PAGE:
Miami Lyric Opera delivers with a terrific double shot of Puccini

By Lawrence Budmen

Maryann Mootos sang the role of Giorgetta in Miami Lyric Opera’s production of Puccini’s “Il Tabarro” Saturday night.

Miami Lyric Opera’s dual productions of Il Tabarro and Gianni Schicchi, two of the three operas that comprise Puccini’s “Il Trittico,” opened at the Colony Theater in Miami Beach Saturday night and proved to be one of the finest offerings in the company’s ten-year history.

All of the strengths of Raffaele Cardone’s upstart company were on display—exuberant singing of lead roles, productions that respect the composer’s wishes and a dramatic staging, devoid of trendy updates or gimmicky revisionist concepts. Casting of supporting roles and orchestral playing, consistently weak elements in past MLO presentations, showed marked improvement.

The two one-act operas, which had not been heard locally in decades, represent polar opposites and reveal Puccini as an inventive and adventurous composer, beyond the inspired lyricism of La Boheme and Madama Butterfly or the blood and thunder of Tosca.

Il Tabarro is set on a barge in the Seine, just beyond the sidewalks of Paris. The barge owner Michele suspects his wife Giorgetta of infidelity with one of his stevedores, leading to tragedy and murder. To a greater extent than in any of his other works, Puccini evokes the raw emotions of verismo, closer stylistically to the operas of Mascagni and Leoncavallo. Echoes of French impressionism waft through the atmospheric orchestral writing.

Cardone staged the volatile drama with immediacy in Nelson Guerrero’s adroit set, contrasting the constricted barge and dock against the spacious backdrop of Parisian street life. Nelson Martinez was a commanding Michele, his rich and sizable baritone turning mellow and soft as he agonized over his wife’s lack of affection.

Maryann Mootos’s anguished Giorgetta conveyed despair over the death of her child and daydreams of a better life in soaring soprano tones. Her gorgeous blending of timbres in duet with the dark-hued Luigi of Philip Alongi was one of the evening’s highlights. Alongi’s clarion top notes and striking physicality suggest future major tenor status. Among smaller roles, count Lissette Jimenez’s laser-like mezzo as La Frugola, Enrique Estrada’s virile Il Talpa and Alejandro Viera’s sweet-voiced Song Vendor as standouts.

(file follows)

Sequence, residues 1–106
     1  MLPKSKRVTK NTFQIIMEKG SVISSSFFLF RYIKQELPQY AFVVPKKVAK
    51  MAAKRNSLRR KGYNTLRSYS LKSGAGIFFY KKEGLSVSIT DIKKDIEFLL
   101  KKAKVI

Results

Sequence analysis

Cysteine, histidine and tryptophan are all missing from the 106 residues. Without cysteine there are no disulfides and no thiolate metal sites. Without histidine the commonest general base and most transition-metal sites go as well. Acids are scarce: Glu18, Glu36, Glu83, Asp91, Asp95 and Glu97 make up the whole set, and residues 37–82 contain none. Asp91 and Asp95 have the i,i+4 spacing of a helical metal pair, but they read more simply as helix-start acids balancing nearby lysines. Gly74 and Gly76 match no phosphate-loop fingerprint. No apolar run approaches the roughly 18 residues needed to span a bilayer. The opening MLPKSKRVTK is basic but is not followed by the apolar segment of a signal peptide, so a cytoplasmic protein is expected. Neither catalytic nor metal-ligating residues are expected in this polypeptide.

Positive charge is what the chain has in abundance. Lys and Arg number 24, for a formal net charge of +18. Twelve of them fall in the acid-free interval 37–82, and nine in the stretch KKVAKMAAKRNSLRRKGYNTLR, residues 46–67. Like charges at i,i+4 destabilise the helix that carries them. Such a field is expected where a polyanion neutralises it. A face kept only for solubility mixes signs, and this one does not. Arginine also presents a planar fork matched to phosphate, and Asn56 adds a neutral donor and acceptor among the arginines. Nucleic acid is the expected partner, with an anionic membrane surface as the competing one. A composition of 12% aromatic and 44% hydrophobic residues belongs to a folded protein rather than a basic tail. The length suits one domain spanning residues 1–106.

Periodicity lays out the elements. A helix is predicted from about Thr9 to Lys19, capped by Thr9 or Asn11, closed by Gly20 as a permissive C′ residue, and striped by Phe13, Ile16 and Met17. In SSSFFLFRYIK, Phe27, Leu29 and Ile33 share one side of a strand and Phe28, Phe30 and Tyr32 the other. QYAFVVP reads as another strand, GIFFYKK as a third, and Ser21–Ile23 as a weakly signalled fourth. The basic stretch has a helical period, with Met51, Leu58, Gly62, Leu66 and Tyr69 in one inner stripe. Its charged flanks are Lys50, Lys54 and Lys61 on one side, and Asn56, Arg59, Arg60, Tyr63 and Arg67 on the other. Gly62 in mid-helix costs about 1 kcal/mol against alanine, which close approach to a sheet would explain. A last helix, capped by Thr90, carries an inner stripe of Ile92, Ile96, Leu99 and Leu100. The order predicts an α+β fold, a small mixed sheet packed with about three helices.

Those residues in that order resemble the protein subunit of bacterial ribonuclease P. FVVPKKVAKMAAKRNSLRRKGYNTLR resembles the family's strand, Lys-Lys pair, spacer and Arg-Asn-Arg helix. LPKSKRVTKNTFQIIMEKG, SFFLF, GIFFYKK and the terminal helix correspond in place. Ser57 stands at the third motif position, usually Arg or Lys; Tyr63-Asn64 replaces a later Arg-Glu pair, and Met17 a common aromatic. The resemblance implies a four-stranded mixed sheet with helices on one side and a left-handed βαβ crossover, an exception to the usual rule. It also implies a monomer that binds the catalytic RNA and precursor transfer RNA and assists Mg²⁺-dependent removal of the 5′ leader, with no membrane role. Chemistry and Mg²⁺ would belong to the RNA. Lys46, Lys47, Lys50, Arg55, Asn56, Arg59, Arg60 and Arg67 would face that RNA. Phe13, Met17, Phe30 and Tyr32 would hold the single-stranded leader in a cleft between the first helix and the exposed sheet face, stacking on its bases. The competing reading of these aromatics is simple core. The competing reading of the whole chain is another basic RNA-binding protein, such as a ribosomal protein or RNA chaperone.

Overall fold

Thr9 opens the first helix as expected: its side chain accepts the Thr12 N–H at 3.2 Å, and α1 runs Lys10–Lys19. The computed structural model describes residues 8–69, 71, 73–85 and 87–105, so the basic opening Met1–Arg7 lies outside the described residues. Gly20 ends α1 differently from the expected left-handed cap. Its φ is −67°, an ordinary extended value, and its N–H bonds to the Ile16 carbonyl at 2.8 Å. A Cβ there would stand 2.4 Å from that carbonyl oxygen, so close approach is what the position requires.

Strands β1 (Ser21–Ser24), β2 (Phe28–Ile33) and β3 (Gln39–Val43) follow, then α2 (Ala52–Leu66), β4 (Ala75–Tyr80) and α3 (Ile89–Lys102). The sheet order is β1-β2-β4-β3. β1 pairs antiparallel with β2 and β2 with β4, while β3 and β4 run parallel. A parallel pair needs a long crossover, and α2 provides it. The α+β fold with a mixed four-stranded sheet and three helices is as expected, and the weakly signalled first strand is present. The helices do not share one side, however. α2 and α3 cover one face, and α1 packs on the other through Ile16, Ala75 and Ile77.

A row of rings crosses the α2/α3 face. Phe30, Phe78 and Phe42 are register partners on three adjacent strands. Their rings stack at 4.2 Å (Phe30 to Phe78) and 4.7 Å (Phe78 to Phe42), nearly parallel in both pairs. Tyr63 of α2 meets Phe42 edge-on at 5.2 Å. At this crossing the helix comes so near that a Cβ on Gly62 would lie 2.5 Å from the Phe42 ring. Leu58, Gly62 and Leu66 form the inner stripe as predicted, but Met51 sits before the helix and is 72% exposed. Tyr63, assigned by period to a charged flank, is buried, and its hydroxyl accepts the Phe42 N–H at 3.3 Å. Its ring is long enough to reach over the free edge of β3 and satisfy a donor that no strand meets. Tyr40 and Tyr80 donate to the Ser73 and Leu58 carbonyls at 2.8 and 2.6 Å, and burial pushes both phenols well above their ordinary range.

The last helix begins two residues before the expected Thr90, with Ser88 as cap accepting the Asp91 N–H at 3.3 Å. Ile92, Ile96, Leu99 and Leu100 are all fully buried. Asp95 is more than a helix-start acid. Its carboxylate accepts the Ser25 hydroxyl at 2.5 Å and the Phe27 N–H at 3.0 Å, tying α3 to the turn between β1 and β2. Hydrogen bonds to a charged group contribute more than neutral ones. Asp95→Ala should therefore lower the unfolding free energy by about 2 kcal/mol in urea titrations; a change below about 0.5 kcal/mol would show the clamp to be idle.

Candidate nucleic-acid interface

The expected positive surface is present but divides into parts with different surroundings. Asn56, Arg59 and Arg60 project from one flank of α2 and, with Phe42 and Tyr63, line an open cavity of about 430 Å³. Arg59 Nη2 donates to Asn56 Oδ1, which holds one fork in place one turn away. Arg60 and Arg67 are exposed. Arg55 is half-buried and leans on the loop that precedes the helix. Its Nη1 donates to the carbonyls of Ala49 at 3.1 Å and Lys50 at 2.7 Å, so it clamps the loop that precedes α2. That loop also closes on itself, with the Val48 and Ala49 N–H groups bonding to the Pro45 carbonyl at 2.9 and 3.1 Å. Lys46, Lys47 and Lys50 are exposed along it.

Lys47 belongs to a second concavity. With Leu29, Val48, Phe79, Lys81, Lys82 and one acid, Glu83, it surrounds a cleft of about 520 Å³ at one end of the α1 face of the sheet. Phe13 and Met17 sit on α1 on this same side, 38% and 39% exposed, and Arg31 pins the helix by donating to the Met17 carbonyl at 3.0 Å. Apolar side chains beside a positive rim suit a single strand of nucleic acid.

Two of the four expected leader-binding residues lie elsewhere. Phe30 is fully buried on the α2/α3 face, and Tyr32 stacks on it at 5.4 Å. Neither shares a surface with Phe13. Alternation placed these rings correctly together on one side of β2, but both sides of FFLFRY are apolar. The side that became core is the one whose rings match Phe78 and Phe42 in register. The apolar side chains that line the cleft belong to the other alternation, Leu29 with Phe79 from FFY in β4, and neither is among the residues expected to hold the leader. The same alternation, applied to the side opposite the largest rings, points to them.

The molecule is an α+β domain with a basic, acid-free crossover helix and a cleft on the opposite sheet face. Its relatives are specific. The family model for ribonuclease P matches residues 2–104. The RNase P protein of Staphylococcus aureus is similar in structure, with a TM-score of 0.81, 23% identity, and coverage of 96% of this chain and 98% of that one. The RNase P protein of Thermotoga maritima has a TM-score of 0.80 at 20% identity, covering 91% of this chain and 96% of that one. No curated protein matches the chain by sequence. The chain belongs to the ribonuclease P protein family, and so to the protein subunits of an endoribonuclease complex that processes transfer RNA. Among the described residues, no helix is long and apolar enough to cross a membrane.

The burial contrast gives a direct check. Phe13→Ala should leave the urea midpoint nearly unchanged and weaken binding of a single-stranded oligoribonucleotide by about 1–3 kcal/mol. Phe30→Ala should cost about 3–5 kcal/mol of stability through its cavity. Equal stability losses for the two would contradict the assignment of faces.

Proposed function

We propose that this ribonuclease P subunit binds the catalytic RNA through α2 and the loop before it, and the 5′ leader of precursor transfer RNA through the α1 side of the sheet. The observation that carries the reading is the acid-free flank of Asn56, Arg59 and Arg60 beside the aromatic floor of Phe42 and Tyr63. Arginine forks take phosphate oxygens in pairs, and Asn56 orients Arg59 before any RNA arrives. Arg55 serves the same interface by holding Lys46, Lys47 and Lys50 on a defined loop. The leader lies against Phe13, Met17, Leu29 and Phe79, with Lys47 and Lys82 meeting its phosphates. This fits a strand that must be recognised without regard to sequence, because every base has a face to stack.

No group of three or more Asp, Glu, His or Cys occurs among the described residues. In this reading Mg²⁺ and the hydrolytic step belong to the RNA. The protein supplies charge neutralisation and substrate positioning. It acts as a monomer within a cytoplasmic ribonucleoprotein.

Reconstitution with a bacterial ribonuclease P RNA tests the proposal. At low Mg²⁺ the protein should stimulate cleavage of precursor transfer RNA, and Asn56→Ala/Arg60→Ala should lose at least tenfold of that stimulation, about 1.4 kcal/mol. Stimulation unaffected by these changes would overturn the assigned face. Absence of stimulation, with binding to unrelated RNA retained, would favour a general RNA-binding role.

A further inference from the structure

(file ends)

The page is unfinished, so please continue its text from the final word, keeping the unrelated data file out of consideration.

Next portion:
Gianni Schicchi is a sparkling comedy, the bubbly score replete with felicitous strands of clipped instrumental motifs and rapid melodic cells passed between the vocal ensemble in the manner of Verdi’s Falstaff. In a palatial Florence estate, the businessman Schicchi impersonates the deceased Buoso Donati whose relatives have been disinherited. He dictates a new will, leaving the bulk of the estate to “a friend” Gianni Schicchi.

Richard Cassell was the sly schemer personified, prancing about the stage and delivering rapid-fire patter with the zesty agility and ballast of a Gilbert and Sullivan veteran. As Lauretta, Rebekah Diaz’s light soprano took flight in a tender, subtly shaded O mio babbino caro. David Pereira was a dulcet-voiced Rinuccio, his paean to Florence sung with ringing fervor. Jimenez’s rasping Zita, Maria Cassell’s hilarious doctor and Gabriel Menendez’s mock notary were born comics.

Under Doris Lang Kosloff’s assured direction, the orchestra sounded remarkably secure and vibrant. Robert Billington’s silvery flute solos commanded attention. Kosloff captured much of the restless, shifting moods of Il Tabarro and the quicksilver fizz of Gianni Schicchi.

Note: Suor Angelica, the third work of Puccini’s “Il Trittico,” is scheduled for an MLO production in September, part of a double bill with Mascagni’s Cavalleria Rusticana.

Miami Lyric Opera repeats Il Tabarro and Gianni Schicchi 4 p.m. Sunday at the Colony Theater in Miami Beach.

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Sun Jul 14, 2013
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